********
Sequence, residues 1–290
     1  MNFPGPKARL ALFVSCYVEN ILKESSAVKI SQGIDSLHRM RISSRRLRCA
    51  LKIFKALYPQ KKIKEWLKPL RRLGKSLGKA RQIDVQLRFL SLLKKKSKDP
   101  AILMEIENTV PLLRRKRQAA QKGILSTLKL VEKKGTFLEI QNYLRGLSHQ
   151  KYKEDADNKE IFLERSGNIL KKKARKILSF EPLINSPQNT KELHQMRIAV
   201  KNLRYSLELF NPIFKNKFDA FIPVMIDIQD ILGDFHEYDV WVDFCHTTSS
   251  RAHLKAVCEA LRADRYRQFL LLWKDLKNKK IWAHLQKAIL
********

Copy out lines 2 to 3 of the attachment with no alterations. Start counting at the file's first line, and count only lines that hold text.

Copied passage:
     1  MNFPGPKARL ALFVSCYVEN ILKESSAVKI SQGIDSLHRM RISSRRLRCA
    51  LKIFKALYPQ KKIKEWLKPL RRLGKSLGKA RQIDVQLRFL SLLKKKSKDP